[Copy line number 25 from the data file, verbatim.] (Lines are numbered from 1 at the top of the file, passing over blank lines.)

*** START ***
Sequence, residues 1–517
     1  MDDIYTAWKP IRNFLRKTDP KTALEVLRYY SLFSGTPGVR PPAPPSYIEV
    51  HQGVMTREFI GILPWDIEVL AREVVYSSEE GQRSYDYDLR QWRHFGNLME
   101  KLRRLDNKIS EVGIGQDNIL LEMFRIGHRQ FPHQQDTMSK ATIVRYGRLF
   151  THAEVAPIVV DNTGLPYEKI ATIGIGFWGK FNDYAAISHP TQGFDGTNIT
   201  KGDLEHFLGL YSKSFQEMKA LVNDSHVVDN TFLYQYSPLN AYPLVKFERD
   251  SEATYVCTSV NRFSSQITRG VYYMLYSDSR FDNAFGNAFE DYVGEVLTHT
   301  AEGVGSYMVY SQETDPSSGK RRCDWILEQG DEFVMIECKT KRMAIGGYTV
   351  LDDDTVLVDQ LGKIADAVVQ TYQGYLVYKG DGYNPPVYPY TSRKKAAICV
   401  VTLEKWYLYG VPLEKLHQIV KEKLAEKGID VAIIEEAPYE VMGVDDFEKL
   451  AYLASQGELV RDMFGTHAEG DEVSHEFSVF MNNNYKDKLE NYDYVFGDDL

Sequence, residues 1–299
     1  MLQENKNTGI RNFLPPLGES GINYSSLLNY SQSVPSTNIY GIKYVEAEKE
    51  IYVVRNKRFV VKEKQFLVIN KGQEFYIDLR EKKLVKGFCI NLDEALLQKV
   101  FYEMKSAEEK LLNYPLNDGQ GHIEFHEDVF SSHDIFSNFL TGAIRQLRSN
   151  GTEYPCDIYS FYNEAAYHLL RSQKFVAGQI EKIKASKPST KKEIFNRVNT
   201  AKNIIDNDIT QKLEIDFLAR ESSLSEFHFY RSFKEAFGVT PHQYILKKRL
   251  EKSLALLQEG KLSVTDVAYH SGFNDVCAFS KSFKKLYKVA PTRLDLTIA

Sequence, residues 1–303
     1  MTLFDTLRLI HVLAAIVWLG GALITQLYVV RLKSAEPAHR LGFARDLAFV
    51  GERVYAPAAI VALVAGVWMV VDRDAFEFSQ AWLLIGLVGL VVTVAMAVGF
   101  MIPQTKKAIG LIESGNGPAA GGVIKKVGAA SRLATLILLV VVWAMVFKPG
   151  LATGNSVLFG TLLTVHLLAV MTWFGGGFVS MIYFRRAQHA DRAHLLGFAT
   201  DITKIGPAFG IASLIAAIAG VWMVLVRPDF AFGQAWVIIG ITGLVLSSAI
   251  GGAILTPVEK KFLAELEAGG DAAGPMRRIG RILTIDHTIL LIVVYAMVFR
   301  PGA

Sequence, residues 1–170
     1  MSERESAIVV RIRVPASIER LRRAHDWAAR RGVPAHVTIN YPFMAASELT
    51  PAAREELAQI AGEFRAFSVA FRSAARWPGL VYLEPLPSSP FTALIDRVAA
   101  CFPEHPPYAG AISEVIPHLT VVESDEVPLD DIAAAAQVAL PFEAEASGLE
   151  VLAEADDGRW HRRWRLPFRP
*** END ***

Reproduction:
   251  GGAILTPVEK KFLAELEAGG DAAGPMRRIG RILTIDHTIL LIVVYAMVFR